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Captain Charles E. Etting, U.S.V.

Captain Charles E. Etting, second son of Edward J. Etting, of Philadelphia, and Philippa Minis, of Savannah, was born in Philadelphia, February, 1844. He was mustered into the service of the United States as second lieutenant, Company D, One Hundred and Twenty-first Regiment Pennsylvania Volunteers, August 4, 1862, assigned to the First Brigade, Third Division, First Corps, Army of the Potomac, joining it near Sharpsburg after the battle of Antietam, and served continuously therewith, participating in all its movements and varied duties until placed on detached service.

December 13, 1862, at the battle of Fredericksburg, after supporting Battery C, Fifth U. S. Artillery, Lieutenant Etting's regiment advanced with the division under General George G. Meade under heavy fire, driving the enemy from its position; thence up the heights in front, and held the ground until flanked and forced back by overwhelming numbers, earning from General Meade upon the field the exclamation, "Well done, One Hundred and Twenty-first; good enough for one day!"

May 2, 1862, at the battle of Chancellorsville, marched from the west bank of the Rappahannock River under fire, crossing at United States Ford, reaching the front at 1 o'clock A.M., May 3 and there remained until withdrawn, May 6. Whilst on the march into Pennsylvania, Lieutenant Etting was detailed acting aide-de-camp First Brigade, and did duty as such at the battle of Gettysburg, July 1-3, 1863. Incident to the frightful loss of July 1, his regiment having over seventy per cent. killed, wounded, or missing, and only one field and one line officer unhurt, Lieutenant Etting, at Colonel Biddle's request, resumed command of his company July 4, and so remained until, upon-reporting at Philadelphia August 29, in compliance with War Department circular, Adjutant-General's Office, he was assigned to staff duty by Brigadier-General John P. Hatch, and relieved there from April 8, 1864, at the request of Captain James Biddle, Sixteenth U. S. Infantry, commanding Camp Cadwalader, with orders to report to him. He was promoted to captain, Company D, from March 15, 1863, detailed August 28, 1864, to perfect the organization of the new Pennsylvania regiments then forming at Philadelphia, and September 17, 1864, as acting Assistant Adjutant-general of Camp Cadwalader. Captain Etting's application of December 13, 1864, to be relieved having been returned disapproved, he remained on duty until discharged June 2, 1865, by reason of the termination of the war.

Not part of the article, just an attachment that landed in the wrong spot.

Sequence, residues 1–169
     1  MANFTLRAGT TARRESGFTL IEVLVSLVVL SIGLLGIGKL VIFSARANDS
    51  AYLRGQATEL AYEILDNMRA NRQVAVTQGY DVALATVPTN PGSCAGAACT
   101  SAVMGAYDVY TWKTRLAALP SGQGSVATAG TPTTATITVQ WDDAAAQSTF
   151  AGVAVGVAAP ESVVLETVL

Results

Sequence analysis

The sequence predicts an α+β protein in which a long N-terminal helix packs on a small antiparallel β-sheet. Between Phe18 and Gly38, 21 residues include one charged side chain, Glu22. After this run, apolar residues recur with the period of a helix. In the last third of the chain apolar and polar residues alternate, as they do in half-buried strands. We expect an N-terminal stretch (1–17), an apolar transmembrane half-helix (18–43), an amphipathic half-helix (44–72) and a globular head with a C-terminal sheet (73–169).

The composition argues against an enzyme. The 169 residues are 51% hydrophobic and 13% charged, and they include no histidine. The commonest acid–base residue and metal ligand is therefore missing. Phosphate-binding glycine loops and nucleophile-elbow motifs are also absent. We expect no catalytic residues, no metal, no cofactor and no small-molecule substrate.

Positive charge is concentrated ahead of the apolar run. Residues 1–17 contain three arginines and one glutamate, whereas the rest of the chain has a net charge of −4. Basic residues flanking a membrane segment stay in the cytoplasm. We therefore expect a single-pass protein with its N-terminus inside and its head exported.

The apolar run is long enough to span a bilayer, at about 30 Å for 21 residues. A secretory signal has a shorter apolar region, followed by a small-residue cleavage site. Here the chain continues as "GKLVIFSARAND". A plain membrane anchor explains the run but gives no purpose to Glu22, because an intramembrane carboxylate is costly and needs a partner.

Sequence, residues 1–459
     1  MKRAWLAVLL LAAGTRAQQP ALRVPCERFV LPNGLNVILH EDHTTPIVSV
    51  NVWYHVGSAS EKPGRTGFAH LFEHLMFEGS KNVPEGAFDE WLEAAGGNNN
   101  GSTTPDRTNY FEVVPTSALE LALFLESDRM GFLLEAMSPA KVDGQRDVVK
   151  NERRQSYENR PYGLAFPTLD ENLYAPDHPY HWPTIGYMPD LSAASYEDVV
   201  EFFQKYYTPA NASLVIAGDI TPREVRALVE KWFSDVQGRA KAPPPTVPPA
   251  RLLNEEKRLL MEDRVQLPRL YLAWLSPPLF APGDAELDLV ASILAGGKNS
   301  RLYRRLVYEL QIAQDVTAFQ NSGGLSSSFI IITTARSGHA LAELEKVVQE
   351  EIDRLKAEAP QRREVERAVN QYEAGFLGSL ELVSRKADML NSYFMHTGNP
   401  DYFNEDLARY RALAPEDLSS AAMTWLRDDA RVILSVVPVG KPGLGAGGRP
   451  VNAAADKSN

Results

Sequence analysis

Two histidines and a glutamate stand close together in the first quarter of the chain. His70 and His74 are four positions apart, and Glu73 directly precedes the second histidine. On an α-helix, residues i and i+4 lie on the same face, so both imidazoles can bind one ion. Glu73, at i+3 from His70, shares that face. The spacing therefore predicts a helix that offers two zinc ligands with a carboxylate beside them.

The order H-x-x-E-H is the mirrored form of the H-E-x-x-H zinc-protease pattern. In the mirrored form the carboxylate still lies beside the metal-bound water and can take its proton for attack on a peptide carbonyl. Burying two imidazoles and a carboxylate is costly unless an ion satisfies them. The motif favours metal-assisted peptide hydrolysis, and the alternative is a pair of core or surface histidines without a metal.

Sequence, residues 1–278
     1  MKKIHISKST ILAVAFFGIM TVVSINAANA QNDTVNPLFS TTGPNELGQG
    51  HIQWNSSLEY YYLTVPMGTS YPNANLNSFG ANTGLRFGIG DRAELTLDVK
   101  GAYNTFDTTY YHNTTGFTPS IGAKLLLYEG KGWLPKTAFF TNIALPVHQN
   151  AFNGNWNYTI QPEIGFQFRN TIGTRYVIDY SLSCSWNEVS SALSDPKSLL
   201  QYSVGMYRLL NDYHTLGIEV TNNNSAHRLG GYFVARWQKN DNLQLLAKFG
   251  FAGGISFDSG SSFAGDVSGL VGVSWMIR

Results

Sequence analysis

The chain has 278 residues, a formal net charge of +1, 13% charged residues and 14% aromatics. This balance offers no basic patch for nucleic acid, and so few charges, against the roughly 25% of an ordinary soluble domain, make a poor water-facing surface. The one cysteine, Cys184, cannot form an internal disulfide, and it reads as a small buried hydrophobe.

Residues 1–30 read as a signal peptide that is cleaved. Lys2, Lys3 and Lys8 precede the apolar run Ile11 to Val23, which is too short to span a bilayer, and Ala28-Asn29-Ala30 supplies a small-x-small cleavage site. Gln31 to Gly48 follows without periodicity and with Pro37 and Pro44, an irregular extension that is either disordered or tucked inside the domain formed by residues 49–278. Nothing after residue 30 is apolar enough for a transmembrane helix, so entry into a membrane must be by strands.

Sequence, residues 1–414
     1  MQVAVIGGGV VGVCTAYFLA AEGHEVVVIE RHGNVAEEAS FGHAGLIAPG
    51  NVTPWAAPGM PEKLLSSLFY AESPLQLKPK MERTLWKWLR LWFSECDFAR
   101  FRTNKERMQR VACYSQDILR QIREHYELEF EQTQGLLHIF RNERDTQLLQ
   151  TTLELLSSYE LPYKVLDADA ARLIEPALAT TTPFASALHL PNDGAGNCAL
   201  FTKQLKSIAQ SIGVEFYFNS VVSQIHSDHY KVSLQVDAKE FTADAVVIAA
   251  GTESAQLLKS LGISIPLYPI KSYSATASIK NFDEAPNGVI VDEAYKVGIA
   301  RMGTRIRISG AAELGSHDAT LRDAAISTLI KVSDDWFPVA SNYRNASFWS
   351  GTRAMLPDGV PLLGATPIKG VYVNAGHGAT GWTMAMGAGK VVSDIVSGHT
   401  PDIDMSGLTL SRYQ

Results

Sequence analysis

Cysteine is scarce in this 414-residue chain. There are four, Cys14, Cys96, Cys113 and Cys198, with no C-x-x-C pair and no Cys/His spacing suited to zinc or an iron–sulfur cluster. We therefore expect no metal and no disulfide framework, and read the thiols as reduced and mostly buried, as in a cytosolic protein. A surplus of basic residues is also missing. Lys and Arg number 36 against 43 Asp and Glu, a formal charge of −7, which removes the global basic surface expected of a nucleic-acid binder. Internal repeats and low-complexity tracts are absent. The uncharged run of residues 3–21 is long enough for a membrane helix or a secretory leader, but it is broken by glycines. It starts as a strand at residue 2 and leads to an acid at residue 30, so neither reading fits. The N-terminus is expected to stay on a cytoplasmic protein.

Colonel Chapman Biddle wrote from Philadelphia, May 22, 1865, to his Excellency the President of the United States:

" I have the honor to recommend for an appointment in the regular military service of the United States, Captain Charles E. Etting, of the One Hundred and Twenty-first Regiment of Pennsylvania Volunteers. Captain Etting entered the volunteer service as a second lieutenant nearly three years since, and during the time I commanded the One Hundred and Twenty-first Pennsylvania Volunteers, discharged all his duties as an officer with alacrity and fidelity. His service in the field in the several battles in which he was present obtained for him the commendation of his superior officers. As an educated officer, one thoroughly conversant with his duties, he would, in my opinion, be an acquisition to the regular service."

Lieutenant-Colonel Alexander Biddle wrote under same date, similarly addressed:

" I have the honor to recommend Captain Charles E. Etting for an appointment in the army of the United States. Captain Etting entered the service in the One Hundred and Twenty-first Regiment Pennsylvania Volunteers, in 1862, and served as second lieutenant, first lieutenant, and captain, acting also as regimental adjutant, and on the staff of the brigade commander. He has since filled an office of responsibility in this city. During a long period of this service it is within my personal knowledge that Captain Etting, as well in the camp as in the field, conducted himself not only with much merit, but with distinction in every position he was required to fill. His services at Fredericksburg and Gettysburg were noted by his commander, and it is my duty as well as a pleasure to add my testimony of his attainments and capability to perform the duties of any office he may ask." Upon the termination of the war Captain Etting engaged in business in, and still resides in, his native city, where he is a wellknown citizen and member of the Pennsylvania Society of the Sons of the Revolution, Society of the First Army Corps, Society of the Army of the Potomac, Military Order of the Loyal Legion of the United States, and Post 1, Grand Army of the Republic, Department of Pennsylvania."

Source: Officers of the Volunteer Army and Navy who served in the Civil War, published by L.R. Hamersly & Co., 1893, 419 pgs.

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